Theater review by Adam Feldman
Teenage girls rule in the tart but sweet new Broadway musical Mean Girls. But their system of high-school government is far from a democracy: It’s a reign of terror, angst and mall fashions, where popularity is arrogated and then ruthlessly enforced. Having spent her childhood being home-schooled in Kenya, nature and math enthusiast Cady (Erika Henningsen) is initially confused by the rigid caste system of her new school in Chicago. She tries to be nice, but the ruthlessness of American teenage culture brings out Cady’s predatory instincts. She reverts to the mean.
A canny crossbreed of Heathers and Hairspray, the musical has been adapted by Tina Fey from her own 2004 cult movie, and updated to reflect the new realities of smartphones and social media. Fey is one of the sharpest comic writers in America, and the show remains, in some sense, her vehicle: an auto de Fey, burning with bookish anger at the limits young women place on each other and themselves. (Her film role as a pushy calculus teacher is amusingly evoked by Kerry Butler, who also plays the other adult women.)
But this version of Mean Girls is not just a copy of the original. The most famous lines from the screenplay are here, but Casey Nicholaw’s energetic staging wisely breezes past them; the newer jokes get bigger laughs, while the score—by Jeff Richmond and Nell Benjamin—successfully builds on Fey’s knowingly corrective tone. (“This is modern feminism talkin’,” sings a high-heeled ditz in one of Benjamin’s most Feyish lyrics. “I expect to run the world / In shoes I cannot walk in.”)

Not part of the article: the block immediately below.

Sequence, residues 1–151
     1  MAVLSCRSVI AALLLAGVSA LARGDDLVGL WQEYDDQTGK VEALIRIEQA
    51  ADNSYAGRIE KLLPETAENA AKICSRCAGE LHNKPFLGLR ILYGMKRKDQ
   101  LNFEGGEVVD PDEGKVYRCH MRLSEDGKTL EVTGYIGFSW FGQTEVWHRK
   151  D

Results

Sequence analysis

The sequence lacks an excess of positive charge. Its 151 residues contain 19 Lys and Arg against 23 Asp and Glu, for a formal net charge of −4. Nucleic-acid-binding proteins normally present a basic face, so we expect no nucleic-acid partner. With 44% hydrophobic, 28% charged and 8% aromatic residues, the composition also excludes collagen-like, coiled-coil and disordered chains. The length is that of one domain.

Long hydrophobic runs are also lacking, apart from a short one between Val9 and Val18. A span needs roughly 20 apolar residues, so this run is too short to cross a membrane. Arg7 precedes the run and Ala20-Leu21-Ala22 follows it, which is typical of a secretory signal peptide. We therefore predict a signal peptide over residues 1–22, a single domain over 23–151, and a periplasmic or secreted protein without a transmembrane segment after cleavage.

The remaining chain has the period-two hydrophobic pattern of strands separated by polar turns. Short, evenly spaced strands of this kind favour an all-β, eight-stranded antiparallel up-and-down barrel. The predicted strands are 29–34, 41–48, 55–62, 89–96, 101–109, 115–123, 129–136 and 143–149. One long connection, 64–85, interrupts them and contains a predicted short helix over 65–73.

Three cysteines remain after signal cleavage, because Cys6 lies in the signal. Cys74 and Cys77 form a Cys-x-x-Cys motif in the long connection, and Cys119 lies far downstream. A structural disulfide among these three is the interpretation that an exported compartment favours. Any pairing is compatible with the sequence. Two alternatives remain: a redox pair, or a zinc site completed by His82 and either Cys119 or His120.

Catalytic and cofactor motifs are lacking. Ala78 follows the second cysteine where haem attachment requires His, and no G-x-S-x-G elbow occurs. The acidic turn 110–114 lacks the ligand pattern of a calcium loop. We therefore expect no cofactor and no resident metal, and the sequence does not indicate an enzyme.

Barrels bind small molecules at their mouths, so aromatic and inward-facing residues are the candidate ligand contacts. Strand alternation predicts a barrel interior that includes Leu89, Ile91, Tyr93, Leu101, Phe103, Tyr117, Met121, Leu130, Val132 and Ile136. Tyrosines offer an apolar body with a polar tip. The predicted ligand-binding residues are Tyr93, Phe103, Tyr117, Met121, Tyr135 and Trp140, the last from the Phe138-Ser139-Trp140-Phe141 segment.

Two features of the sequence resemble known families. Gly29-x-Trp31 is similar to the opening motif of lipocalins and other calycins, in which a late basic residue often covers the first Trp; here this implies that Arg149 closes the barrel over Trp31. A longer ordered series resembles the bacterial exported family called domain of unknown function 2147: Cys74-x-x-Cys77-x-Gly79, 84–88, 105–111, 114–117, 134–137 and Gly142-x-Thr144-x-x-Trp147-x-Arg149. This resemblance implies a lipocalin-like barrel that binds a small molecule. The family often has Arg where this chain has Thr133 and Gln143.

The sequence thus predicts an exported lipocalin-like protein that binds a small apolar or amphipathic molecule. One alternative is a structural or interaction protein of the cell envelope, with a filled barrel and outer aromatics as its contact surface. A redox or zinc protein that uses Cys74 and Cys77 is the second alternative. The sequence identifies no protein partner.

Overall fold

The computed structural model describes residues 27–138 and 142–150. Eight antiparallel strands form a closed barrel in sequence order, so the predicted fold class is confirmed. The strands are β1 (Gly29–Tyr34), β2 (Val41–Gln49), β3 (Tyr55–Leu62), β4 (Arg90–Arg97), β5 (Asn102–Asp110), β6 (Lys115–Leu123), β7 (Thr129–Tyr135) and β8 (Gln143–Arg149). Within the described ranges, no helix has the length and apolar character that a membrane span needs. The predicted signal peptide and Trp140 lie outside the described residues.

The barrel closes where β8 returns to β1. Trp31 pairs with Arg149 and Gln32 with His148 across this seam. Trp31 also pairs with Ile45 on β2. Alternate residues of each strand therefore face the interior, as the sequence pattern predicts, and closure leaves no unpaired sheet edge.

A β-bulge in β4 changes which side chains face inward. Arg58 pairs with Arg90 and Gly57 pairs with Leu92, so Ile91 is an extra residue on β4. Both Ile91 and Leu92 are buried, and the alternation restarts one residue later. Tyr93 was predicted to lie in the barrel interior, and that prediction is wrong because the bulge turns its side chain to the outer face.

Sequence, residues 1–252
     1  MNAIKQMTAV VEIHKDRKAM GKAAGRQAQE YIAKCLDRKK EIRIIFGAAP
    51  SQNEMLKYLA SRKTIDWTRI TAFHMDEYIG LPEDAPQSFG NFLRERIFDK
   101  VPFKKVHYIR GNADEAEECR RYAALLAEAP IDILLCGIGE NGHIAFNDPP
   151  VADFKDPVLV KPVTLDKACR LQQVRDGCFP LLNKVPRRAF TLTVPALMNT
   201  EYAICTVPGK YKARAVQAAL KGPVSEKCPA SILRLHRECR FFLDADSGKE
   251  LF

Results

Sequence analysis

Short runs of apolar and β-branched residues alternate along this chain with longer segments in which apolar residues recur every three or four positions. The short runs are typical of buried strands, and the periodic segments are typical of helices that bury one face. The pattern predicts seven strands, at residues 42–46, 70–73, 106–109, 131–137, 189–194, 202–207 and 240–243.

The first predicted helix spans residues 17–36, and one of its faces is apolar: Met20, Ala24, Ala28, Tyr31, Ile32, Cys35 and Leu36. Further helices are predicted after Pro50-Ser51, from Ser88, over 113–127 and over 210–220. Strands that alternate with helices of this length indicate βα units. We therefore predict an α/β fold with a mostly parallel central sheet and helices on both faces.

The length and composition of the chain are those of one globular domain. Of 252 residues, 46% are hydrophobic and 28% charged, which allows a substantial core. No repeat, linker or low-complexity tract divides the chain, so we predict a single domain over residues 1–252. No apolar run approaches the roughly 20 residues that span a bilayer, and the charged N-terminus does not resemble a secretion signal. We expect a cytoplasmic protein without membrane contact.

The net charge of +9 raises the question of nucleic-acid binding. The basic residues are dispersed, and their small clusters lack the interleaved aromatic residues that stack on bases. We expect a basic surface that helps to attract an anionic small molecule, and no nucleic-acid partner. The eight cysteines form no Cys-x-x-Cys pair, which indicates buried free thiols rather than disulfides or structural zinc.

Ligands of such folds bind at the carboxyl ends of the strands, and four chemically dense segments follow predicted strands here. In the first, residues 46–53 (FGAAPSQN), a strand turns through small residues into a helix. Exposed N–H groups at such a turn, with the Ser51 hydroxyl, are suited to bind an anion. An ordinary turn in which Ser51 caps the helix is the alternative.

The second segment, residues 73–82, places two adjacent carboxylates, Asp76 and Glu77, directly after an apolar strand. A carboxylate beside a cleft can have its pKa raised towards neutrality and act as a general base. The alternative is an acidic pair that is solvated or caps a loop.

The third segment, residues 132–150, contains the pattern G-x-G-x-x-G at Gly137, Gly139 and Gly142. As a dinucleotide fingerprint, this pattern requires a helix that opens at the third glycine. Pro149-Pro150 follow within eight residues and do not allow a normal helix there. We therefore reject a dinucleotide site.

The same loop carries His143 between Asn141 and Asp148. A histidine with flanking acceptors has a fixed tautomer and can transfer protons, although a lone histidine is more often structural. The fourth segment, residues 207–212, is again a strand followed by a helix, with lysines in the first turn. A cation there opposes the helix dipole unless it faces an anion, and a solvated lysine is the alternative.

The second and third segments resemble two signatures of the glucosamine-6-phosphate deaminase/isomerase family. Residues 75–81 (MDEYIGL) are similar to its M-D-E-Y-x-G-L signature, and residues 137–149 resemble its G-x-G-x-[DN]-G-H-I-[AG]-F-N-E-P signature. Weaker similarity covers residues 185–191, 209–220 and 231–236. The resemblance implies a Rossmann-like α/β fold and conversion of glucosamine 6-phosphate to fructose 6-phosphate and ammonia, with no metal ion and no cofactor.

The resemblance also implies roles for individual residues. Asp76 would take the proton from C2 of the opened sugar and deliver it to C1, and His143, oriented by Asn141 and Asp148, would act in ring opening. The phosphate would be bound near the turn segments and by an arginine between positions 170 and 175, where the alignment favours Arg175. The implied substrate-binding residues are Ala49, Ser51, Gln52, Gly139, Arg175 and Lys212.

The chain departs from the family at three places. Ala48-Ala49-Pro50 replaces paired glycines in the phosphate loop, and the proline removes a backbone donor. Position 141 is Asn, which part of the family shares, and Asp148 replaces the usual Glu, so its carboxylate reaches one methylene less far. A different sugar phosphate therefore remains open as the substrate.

Where Mean Girls glows most is in the spotlight it shines on its cast. Taylor Louderman is sensational as the blackhearted Regina, fearsome leader of the queen-beeyatch trio known as the Plastics. (Richmond gives her brassy, Bond-villain musical themes.) Flanking her are the manically insecure Gretchen (Ashley Park, her confusion infused with real feeling) and the chipper, empty-headed Karen (an extremely funny Kate Rockwell, with a tottering walk and a face like a blank check); on the opposite side of the social battlefield are the gothy “art freak” Janis (Barrett Wilbert Weed, a rich presence and powerhouse vocalist) and the brightly flaming Damian (Grey Henson, whose second-act tap number, “Stop,” does exactly that to the show). Mean Girls’s gospel of female self-actualization is borne out in the platform it provides for some of the most exciting young performers in musical theater. They bring a lot to the cafeteria table.
August Wilson Theatre (Broadway). Book by Tina Fey. Music by Jeff Richmond. Lyrics by Nell Benjamin. Directed by Casey Nicholaw. With Erika Henningsen, Taylor Louderman. Running time: 2hrs 30mins. One intermission.